The two’s relationship really was the pillar that held this novel up and it did it’s job well. This is one of the very few times after reading a book I can say this read like a sibling relationship, and whilst Danny viewed Maeve as a more maternal figure than most younger brothers do with their sisters, it still felt like they were siblings and therefore desperately falling back on each other throughout life. It was nice to see a relationship like this as the main focus of a novel as there is nothing quite like sibling relationships in life, it is possibly the one relationship where you can grow up as enemies and then become life-long friends and confidents afterwards; it’s perhaps also the most forgiving kind of relationship we encounter, which played well into one of the novel’s main themese: forgiveness. Maeve and Danny’s realtionship showcases a lot in this novel and always acts to remind the reader that no matter what they have each other.
Not only did the book explore a sibling’s relationship but it explored family in quite a lot of detail. From a distant mother and father, to the evil stepmother, to those stepmother’s children and then to family that we choose rather than recieve. The message at the end seemed to be that family was family and not matter how far you ran from them you never truly escaped them, and also that you could always mend those bonds that had been broken. I thought this was quite a controversial point to make, particularly in the case of Elna who had adandoned both Maeve and Danny as children. When Elna returned it was very easy for her to find Maeve’s forgiveness, which was to illustrate many of Maeve’s problems stemmed form her mother’s absence but also served to to show how strong that bond is. Whilst this was interesting it was definitely a rather contorversial thing to do, many of us would expect a character to feel a little more conflicted after their absentee mother retuned decades later rather than joy. I believe this was explored better in Danny who had a hard time forgiving his mother, and was shown to dislike her and her return, however I’m not sure it was handled as well as it could have been as when he did forgive and let her into his life that decision felt rushed.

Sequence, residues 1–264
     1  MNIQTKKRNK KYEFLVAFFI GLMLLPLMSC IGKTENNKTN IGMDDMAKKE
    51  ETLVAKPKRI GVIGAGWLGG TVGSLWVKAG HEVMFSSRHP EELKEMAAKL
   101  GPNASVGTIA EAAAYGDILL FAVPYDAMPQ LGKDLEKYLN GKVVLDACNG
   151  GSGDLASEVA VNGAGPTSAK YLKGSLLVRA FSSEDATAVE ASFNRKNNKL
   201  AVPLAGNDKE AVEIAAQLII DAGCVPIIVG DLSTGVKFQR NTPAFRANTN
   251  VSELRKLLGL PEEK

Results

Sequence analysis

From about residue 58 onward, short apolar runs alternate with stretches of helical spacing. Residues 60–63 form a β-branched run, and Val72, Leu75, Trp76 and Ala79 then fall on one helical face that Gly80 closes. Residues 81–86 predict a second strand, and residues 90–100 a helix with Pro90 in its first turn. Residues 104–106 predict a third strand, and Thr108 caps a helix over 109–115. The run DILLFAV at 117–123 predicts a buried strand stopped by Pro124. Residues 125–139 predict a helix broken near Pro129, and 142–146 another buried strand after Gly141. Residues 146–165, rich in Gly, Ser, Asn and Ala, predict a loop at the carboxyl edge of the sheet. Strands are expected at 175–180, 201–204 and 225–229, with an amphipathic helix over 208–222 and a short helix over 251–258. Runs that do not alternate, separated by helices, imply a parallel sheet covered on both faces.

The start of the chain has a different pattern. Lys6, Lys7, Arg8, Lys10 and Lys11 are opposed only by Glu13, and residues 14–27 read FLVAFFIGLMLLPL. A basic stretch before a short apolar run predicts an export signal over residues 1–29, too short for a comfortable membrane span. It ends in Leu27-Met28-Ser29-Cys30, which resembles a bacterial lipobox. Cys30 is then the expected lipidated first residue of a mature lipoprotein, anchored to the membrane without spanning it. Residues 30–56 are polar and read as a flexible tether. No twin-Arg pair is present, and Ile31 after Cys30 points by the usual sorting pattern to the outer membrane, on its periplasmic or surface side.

I personally really enjoyed the plot as it was one that spanned decades. It isn’t the kind of plot that is for everyone, there is no action and it’s certainly not fast-paced, but it’s emotive and exhausting to read for that reason. We are able to follow the two main characters and their lives from their lives as children to the hardships they have to suffer together as they near their 50s, so we do learn who they are inside out and I’m very nosy in real life, so I love it when I get to learn about a character so intimately like that.
However, there were a couple of points in this book I was unsure of. I think if Andrea’s past and background had been exmained to see why she was the ‘evil stepmother’ it would have added something special to the narrative, and instead all we got was an evil stepmother stereotype, and whilst this was well done it was still an underveloped stereotype. I was also unsure as to what the symbolism of Danny’s daughter buying the house at the end of the novel was. As before in the novel it had stood as a symbol for childhood grief and trauma for Danny and Maeve, but then Danny’s daughter bought it at the end as a very successful actress, and threw parties there to almost suggest the house was a symbol of something happier. I felt like that might be a continuinity error, or perhaps I’m siimply not intelligent enough to understand this shift in symbolism.
Overall though this is a great character-driven book that aims to study the impact of family and loss on people, and how that can impact your choice to forgive others. I would highly recommend it to anyone who is interested in those themes, but also to those who enjoy character driven stories.